Background: Previous studies found that childhood atopic dermatitis (AD) and asthma are associated with residence in urban areas. However, little is known about the prevalence and determinants of AD in US urban populations and its impact on quality-of-life (QOL) and asthma. Objective: To determine AD prevalence and persistence, sociodemographic predictors thereof, and association with QOL and atopic comorbidities in US urban children. Methods: We analyzed data from The Fragile Families and Child Wellbeing Study, a prospective cohort study of 4898 women and their children born in 20 large US cities between 1998 and 2000. AD prevalence was determined at ages 5, 9, and 15 years, and stratified by sex, race/ethnicity, and household poverty income level. Results: The prevalences (95% confidence interval [CI]) of childhood AD were 15.0% (11.0%-18.9%), 15.1% (11.5%-18.7%), and 14.5% (10.4%%-18.5%) at ages 5, 9, and 15 years, respectively. Female sex (multivariable repeated measures logistic regression; adjusted odds-ratio [95% CI]: 1.56 [1.02-2.37]) and black race (1.80 [1.07-3.01]) were associated with persistent AD across all 3 ages. Children with AD at ages 5 and 15 (2.63 [1.42-4.86]), 5, 8 and 15 (1.47 [1.02-2.12]) and 9 and 15 years (1.61 [1.00-2.60]) had higher odds of poor/fair/good overall health. Children with AD at ages 5 and 9 years had the highest odds of ever having asthma (adjusted odds ratio [95% confidence interval]: 6.05 [5.88-6.22]), followed by children with AD at ages 5, 9, and 15 years (3.17 [3.07%-3.27]). Conclusion: Atopic dermatitis prevalence and persistence were highest in US urban children who were female or black. Urban children with persistent AD were more likely to have poor QOL and asthma.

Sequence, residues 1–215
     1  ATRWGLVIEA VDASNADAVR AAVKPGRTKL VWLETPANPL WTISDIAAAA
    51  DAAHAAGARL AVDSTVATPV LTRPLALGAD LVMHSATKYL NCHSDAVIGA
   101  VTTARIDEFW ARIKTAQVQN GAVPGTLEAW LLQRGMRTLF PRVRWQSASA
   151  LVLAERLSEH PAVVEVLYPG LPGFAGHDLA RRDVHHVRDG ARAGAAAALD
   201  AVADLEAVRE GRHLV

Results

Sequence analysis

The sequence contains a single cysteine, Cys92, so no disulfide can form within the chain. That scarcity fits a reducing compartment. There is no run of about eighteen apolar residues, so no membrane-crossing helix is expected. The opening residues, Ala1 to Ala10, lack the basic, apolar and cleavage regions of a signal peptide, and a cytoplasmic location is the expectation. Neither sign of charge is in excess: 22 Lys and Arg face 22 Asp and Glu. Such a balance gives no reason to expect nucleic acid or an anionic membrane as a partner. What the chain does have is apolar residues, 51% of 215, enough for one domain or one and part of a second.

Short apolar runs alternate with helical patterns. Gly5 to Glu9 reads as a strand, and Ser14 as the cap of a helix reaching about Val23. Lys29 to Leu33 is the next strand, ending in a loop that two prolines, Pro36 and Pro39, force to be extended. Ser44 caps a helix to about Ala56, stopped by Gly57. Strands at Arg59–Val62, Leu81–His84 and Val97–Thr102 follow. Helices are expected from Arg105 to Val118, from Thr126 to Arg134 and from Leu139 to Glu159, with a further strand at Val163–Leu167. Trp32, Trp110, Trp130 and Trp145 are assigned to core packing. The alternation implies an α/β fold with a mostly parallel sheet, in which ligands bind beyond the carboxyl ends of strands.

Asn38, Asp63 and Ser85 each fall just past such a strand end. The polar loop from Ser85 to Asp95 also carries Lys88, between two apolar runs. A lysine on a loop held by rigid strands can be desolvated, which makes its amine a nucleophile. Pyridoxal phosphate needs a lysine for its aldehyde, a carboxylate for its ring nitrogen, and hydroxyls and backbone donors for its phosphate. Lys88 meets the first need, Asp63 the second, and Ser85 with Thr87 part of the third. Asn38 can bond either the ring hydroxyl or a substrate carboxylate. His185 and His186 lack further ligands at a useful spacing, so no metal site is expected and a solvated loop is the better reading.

ASJC Scopus subject areas
- Immunology and Allergy
- Pulmonary and Respiratory Medicine